Most Thrilling Moments - During
construction of Newark Airport Redevelopment Program, as an engineer
supervising the construction, walking higher up on the steel beams and
on the roof of large umbrellas was very exciting, which most of the
American Indian Community perform fearlessly, and being from the Indian
American community was a matter enjoyed by many colleagues and
During the July 4, 1976 Bicentennial Celebration, watching the Tall
Ships parade up the Hudson River from the 73rd Floor with my family was
really a spectacle which I fondly remember, culminating with a memorable
dinner at the Windows on the World Restaurant on the 108th Floor.
As a project administrator in the World Trade Department, escorting many
foreign dignitaries and visitors to the Observation Deck on the roof of
2 WTC often was thrilling. Once I got the opportunity to ride in a
window-washing trolley on the outside of one of the towers -- a time of
fear and thrills I never would have felt anywhere else, but during my
tenure at the Port Authority.
Most Horrific Moments Ė During the February 26, 1993 bombing in
the basement parking area on February 26, 1993, around 12:25 PM, I had
just come out of the elevator into the lobby area of One WTC. I heard
the thundering boom, which a colleague with me initially was thought to
be the bursting of a transformer on the lower (6th floor) basement
level. I saw people, some with bloody noses, running to get out the
building surrounded with smoke and dust. I tried to help people of the
doors on the West Side Highway. Firefighters came on the scene in a
matter of minutes and asked us to evacuate the area.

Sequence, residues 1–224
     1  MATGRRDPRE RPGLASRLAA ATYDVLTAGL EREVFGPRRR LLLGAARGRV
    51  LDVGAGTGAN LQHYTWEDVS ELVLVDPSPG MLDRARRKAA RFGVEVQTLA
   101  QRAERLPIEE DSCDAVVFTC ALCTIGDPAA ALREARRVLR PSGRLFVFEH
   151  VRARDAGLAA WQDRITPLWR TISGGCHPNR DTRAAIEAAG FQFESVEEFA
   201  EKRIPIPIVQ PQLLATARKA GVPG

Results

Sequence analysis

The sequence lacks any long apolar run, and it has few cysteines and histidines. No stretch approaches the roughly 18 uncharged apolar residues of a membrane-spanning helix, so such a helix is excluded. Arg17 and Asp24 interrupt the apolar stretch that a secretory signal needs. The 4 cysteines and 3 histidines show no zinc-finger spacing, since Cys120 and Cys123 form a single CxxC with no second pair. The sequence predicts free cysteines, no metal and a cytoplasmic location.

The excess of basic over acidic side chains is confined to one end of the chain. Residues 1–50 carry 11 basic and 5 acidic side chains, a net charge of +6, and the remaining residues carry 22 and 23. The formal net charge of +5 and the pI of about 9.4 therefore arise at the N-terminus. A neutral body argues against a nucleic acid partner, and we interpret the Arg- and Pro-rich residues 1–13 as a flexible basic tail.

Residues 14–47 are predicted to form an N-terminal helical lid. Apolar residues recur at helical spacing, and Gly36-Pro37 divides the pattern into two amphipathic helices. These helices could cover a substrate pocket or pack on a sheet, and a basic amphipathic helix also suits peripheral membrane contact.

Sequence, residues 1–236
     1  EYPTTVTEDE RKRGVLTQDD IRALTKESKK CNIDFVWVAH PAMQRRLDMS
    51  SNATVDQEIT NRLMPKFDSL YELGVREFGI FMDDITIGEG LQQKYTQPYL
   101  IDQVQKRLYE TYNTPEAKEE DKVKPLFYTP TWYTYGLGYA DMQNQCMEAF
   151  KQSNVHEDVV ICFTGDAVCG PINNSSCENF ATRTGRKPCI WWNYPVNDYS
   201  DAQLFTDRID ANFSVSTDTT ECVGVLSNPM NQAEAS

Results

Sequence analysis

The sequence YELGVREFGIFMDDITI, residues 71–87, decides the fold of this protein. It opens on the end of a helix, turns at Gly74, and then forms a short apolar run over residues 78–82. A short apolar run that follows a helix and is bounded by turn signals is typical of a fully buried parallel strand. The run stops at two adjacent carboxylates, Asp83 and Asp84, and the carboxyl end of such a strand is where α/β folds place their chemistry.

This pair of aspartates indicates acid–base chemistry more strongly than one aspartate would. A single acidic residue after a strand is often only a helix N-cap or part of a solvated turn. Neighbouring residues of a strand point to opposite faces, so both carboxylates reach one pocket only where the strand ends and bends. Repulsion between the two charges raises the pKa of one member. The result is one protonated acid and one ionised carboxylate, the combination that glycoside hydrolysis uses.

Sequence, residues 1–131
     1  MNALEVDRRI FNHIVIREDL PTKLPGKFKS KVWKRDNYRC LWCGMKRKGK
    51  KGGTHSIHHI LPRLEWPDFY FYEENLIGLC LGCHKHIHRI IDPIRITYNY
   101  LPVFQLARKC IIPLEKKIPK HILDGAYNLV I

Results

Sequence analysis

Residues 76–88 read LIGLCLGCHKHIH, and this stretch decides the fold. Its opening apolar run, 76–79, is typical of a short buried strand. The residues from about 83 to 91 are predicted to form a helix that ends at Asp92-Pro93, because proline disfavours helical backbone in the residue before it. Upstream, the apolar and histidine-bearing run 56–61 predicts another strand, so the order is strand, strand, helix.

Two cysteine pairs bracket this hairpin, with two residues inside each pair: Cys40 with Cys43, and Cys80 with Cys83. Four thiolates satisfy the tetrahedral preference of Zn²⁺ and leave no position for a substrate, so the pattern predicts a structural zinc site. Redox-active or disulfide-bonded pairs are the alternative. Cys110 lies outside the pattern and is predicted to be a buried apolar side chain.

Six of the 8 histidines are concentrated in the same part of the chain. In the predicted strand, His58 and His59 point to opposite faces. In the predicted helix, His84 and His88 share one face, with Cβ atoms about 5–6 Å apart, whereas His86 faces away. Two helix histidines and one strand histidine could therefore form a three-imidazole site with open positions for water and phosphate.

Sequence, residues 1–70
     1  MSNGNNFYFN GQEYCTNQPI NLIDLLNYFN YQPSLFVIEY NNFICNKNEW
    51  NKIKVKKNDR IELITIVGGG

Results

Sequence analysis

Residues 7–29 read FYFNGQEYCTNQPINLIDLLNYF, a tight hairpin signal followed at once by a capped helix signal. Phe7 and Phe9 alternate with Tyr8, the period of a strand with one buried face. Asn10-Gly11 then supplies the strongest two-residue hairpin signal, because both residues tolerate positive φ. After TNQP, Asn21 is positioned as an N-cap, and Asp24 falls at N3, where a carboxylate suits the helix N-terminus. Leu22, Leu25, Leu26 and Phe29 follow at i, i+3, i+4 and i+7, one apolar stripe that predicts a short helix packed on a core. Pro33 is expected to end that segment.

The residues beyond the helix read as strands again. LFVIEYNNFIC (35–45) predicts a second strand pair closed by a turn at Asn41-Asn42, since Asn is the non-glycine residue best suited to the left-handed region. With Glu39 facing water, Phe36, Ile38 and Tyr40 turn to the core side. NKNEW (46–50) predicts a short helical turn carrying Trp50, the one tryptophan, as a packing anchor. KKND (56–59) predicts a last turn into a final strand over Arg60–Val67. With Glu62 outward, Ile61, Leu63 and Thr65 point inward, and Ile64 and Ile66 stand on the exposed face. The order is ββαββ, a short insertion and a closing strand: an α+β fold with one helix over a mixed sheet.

Out on the west side with the stranded and shocked crowd, I observed
debris falling from above. People still inside were breaking windows,
having heard on the radio that they should let the authorities know that
they were still trapped in the building. Panic spread in the crowd that
the building might come down any moment. Everyone, including me, ran
away to the west side of the highway. We waited there for some time with
no specific information. Finally, I decided to take the subway to Penn
Station to get home, though normally I rode to work in a carpool every
day. While waiting for the train, I decided to call home from a pay
phone, to tell my wife who might have seen the news on the TV, that I
was safe and on my way home via train, and when she could pick me up at
the train station in New Brunswick. To my surprise, she mentioned that I
didnít have to call to relieve her fear, because she had seen me running
on TV -- a person with grey hair, wearing a blue blazer, while crossing
the West Side Highway. She thought if I could run, I must be safe.
During those days I used to run the NYC Marathon, which I ran every
year, starting in 1985.
I spend 28 years at the Port Authority, and they were the hallmark of my
life. I enjoyed every moment with my colleagues, some of whom became
friends for life. I remember my time there as the happiest of my life.